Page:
As Bible Study continues reading Valarie Kaur’s See No Stranger: A Memoir and Manifesto of Revolutionary Love, we contemplated healing, forgiveness, and reconciliation this week.  We asked how we understand the relationship between healing, forgiveness, and reconciliation.  We wondered in what ways forgiveness is similar to and different from reconciliation.  And does one’s healing depend on one’s ability to forgive and reconcile?  We can ask ourselves these questions on a personal level.  We can also ask them on a societal level. 

This week we saw the conclusion of a significant trial in our country as former police officer Derek Chauvin was convicted on all charges in the death of George Floyd.  This moment in our country’s story can make us think about justice and accountability.  It can make us think about systemic racism.  Though it may (or may not be) premature to speak of healing and forgiveness, let alone reconciliation.  This depends on how we view these important concepts, this depends on what they actually mean for us.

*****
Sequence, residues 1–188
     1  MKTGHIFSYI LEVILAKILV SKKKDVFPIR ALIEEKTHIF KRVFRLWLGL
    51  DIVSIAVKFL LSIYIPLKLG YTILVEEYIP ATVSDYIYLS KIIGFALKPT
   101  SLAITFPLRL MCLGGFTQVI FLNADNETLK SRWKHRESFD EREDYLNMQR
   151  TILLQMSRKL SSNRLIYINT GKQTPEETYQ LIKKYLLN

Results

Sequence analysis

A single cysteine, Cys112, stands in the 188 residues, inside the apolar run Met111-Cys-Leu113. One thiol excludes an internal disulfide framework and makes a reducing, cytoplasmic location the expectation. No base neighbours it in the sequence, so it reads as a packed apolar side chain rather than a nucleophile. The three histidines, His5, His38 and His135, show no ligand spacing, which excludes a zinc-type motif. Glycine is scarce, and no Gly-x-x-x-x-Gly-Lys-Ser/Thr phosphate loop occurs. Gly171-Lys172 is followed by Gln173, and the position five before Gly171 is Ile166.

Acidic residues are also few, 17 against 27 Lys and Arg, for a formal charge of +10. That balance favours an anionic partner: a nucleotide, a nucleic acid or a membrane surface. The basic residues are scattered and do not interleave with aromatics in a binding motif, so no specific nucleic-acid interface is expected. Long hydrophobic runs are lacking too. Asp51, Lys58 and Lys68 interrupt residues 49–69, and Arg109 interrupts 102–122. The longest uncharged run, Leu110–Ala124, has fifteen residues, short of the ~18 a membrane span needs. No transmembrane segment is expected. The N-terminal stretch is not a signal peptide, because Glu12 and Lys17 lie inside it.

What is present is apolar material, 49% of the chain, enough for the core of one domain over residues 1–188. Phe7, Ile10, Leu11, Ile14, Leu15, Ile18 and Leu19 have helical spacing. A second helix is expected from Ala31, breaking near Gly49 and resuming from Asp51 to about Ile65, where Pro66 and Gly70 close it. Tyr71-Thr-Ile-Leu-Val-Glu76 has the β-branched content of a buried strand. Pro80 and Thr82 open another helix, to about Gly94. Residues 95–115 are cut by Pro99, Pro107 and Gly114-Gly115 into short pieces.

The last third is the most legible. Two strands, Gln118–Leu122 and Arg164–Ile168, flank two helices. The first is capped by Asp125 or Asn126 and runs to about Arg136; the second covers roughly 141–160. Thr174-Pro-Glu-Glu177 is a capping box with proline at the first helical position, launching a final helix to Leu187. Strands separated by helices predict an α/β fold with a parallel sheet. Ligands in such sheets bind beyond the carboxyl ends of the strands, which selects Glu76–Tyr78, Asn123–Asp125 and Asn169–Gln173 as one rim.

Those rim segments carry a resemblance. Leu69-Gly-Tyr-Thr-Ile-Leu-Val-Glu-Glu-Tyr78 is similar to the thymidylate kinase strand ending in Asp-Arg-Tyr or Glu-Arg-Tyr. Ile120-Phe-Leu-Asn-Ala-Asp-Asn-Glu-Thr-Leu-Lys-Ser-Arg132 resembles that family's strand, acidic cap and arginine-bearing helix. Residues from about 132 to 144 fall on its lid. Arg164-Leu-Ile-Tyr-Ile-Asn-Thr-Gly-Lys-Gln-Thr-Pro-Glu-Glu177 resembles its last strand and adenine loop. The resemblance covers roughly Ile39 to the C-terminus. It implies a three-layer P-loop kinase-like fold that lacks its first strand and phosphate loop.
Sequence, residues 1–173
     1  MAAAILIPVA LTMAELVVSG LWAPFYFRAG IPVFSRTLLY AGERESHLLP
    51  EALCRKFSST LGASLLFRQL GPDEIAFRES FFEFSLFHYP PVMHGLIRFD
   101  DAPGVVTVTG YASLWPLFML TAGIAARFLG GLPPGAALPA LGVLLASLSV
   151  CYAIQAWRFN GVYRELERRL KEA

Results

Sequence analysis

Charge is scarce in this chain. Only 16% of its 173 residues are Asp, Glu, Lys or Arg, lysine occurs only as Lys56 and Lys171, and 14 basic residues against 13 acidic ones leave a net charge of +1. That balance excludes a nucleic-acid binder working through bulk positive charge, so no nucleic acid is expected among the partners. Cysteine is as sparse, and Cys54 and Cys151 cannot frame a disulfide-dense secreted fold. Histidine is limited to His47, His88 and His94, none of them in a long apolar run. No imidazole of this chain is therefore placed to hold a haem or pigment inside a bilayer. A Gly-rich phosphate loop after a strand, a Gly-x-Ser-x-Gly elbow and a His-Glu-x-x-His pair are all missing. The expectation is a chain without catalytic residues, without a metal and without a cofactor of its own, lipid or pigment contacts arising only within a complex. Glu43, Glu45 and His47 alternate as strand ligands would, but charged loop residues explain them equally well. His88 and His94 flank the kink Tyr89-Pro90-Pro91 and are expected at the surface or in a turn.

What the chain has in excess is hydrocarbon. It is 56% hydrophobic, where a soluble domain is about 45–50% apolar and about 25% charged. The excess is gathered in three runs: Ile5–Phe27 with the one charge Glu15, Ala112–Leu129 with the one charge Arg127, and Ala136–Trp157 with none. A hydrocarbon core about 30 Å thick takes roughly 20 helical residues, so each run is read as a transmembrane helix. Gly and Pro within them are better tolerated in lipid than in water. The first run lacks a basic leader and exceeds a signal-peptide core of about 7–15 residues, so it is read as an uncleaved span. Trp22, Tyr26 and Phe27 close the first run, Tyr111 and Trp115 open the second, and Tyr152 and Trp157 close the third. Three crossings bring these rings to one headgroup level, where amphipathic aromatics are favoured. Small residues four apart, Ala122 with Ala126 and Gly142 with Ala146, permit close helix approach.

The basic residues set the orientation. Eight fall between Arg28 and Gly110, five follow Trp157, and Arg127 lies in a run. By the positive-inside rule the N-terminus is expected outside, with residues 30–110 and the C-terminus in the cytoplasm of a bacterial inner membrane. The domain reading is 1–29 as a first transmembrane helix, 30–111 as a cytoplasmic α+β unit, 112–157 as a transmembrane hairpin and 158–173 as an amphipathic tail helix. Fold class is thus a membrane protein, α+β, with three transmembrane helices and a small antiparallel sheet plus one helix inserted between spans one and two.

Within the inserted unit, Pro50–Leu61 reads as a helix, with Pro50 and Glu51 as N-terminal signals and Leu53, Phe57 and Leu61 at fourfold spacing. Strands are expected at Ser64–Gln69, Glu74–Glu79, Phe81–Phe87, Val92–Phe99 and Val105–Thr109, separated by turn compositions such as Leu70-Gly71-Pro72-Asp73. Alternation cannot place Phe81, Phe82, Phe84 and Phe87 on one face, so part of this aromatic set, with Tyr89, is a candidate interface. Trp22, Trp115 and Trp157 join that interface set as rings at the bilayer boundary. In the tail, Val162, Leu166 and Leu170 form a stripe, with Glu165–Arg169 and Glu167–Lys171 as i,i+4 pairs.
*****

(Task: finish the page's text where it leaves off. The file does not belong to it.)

As Valarie Kaur writes, “Forgiveness is not forgetting: Forgiveness is freedom from hate.” (pg. 263)  Perhaps this moment will usher in real and lasting change as we truly see one another as created in the image and likeness of God.  That depends so much on each of us.  Though it remains a hope that we can have in our hearts. 

Pastor Lauren 

This Week’s Thoughts 4.22.21

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